The founder of Skyreach Equipment, a once prominent St. Albert business, died last Sunday of a sudden heart attack. Barry Weaver was 65.
Weaver founded Skyreach in 1977 and quickly grew the company across Alberta and British Columbia. Weaver cemented his position as a regional business leader in 1998 when he bought into the Edmonton Oilers and Skyreach became the first company to buy the naming rights to the former Northlands Coliseum, a deal worth more than $1.2 million a year for five years.
Weaver was a Type II diabetic with high blood pressure but his doctor had recently said he was in otherwise good health, Weaver’s family said. They said Weaver was just starting to bounce back after withdrawing from people for years following the demise of Skyreach in 2004.
“A huge part of the sadness that we have is that Barry was going to become more of himself,” said his ex-wife Laraine, who separated from Weaver 11 years ago.
“I would have liked to see where he would have ended up in 20 years,” said son Rob, 36.
Weaver grew up on a farm near Mannville, Alta. After earning a bachelor of science degree, he spent several years selling medical and laboratory equipment. He eventually quit and found work erecting and fixing farm buildings. At the age of 33, he was painting a barn near Legal, and having trouble reaching the high spots when he got the idea for Skyreach.
“That was the little light bulb,” said Laraine. “He didn’t just think about it, he took action.”
Weaver bought a lift from a U.S. supplier and started a rental and sales business. It grew to include other construction equipment and eventually had 22 locations.
“He saw opportunities and possibilities everywhere and it just unfolded,” Laraine said.
A competitive curler, Weaver threw third rocks for legendary St. Albert curler Hec Gervais in the early 1980s. He was also a musician who played violin and guitar in a family band during his youth.
But Skyreach was his creation and source of inspiration for many years, Laraine said.
“He loved creating. With his sense of vision, he would have an idea and put it in motion,” she said.
As the president of Skyreach, Weaver insisted that all equipment be clean enough to eat off of. He had no problem working long, hard hours, was inclined to power naps on his office floor and didn’t hesitate to throw on the coveralls to work in the yard or jump in a truck to make a delivery himself.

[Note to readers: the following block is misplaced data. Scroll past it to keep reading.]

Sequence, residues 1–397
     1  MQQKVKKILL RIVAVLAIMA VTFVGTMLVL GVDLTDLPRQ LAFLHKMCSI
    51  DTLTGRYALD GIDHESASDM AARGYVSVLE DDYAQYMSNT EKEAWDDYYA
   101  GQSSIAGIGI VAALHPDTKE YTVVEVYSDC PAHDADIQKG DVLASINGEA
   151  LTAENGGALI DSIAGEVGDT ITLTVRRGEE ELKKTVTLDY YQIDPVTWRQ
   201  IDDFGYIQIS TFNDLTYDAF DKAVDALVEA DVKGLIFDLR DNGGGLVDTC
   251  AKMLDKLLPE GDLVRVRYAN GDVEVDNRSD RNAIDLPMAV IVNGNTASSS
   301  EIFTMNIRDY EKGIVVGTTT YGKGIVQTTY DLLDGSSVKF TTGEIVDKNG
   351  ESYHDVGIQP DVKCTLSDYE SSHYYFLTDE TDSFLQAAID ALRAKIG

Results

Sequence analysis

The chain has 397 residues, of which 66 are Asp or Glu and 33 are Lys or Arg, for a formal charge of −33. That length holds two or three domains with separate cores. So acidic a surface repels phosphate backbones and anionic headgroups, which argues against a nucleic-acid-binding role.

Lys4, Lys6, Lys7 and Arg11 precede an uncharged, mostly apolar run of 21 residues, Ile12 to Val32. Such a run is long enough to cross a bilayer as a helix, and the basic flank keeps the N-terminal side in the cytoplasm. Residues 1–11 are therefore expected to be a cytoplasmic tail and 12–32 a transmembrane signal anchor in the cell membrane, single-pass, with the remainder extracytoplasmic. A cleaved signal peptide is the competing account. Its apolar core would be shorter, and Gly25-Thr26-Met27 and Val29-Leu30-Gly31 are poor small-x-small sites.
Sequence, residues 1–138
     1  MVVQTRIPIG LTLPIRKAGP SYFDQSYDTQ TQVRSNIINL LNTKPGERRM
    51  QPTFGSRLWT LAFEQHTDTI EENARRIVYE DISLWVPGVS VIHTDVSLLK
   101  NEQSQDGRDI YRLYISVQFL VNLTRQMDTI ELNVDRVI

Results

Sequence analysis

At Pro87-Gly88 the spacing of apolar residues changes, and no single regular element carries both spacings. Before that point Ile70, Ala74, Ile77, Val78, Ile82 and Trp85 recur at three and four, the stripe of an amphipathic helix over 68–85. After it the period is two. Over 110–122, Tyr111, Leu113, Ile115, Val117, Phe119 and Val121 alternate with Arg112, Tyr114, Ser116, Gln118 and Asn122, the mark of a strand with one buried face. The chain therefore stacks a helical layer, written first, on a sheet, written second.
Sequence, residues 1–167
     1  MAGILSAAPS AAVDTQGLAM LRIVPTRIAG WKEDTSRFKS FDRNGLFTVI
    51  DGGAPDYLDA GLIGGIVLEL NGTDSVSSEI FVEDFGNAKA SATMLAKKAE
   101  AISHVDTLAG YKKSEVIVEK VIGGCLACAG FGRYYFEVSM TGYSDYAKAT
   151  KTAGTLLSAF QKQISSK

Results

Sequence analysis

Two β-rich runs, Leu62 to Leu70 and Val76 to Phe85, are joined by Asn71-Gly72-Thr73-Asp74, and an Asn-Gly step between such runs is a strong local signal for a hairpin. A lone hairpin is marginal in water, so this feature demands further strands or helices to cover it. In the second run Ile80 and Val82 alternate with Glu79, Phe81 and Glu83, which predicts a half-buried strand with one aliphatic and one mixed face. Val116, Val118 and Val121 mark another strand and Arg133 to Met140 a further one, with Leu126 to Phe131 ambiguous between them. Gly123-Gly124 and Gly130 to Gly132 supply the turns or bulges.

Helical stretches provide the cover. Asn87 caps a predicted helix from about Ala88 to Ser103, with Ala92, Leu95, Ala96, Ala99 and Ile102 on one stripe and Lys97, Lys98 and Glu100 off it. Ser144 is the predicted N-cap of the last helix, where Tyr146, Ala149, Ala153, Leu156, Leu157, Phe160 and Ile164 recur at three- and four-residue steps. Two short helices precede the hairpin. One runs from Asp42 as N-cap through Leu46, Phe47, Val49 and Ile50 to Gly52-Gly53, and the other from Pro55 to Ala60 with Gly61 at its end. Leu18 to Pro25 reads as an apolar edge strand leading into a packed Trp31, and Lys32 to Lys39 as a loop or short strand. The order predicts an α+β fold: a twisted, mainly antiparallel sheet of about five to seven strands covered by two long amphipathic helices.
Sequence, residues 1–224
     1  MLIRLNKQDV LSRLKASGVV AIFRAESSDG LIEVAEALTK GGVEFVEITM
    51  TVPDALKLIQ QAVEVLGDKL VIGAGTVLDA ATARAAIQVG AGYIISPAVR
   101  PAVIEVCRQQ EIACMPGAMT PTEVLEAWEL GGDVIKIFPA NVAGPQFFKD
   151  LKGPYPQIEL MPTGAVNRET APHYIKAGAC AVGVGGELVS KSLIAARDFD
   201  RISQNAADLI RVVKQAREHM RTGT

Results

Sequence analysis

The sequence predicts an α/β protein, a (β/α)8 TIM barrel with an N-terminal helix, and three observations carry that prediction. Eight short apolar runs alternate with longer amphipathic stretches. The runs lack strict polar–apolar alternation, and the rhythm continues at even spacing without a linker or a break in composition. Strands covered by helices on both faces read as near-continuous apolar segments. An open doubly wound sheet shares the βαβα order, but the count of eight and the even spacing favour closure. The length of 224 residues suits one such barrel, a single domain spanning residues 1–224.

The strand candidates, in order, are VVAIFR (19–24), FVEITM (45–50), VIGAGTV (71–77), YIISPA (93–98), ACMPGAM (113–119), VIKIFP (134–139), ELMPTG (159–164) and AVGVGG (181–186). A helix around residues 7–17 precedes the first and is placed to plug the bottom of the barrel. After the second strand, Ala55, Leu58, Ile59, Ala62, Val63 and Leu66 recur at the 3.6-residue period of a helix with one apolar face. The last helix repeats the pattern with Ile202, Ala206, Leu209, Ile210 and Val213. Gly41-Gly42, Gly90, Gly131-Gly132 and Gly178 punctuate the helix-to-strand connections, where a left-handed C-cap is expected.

“He just had a drive that was indomitable,” Rob said.
Weaver’s nephew, Murray Bennett remembers going for a ride with his uncle after dropping by for a visit one weekend. They wound up checking the oil in all the equipment that Weaver had rented out in the region.
“I said, ‘Uncle, don’t you have people that can do this?’ He said, ‘Yup, but it’s good to stay in touch with this stuff,’” Bennett said.
In 2001, Weaver was trying to sell his business but the $100 million in debt he’d accumulated led to a rift within the company. An internal power struggle saw Weaver ousted from the company he founded. It was forced into receivership in September 2003 then sold to United Rentals in February 2004.
“I think a part of him was cut out of him. It was very devastating,” said daughter Marni, 34.
“At one point he didn’t even want to be out in public. He was totally embarrassed,” said sister Sharyn.
Weaver withdrew from his family and society, returning to Mannville to farm. In recent months, he’d started to re-connnect with people and seemed eager to move on to the next chapter of his life. He’d moved back to the area and was doing some landscaping work.
Family were starting to see a re-emergence of the exuberant and irreverent person they’d known.
“He was always doing off-the-wall stuff,” said Ron Hodgson, Weaver’s partner in the Oilers ownership group and on snowmobiling trips to B.C.
“I remember flying back from Toronto with him and he’s tossing grapes around on the airplane. You’d be sitting in one seat. He’d be three seats behind you … throwing grapes at you.”
Former mayor Paul Chalifoux knew Weaver well and described him as “a good, down-to-earth guy” who “loved to sit down and shoot the bull.”
“I admired Barry very much,” Chalifoux said. “He always had an interest in contributing and developing his business in St. Albert. He was important to the St. Albert community because of that.”
A memorial service is scheduled for Monday at 2:00 p.m. at the Centre for Spiritual Living at 7621 101 Ave. in Edmonton.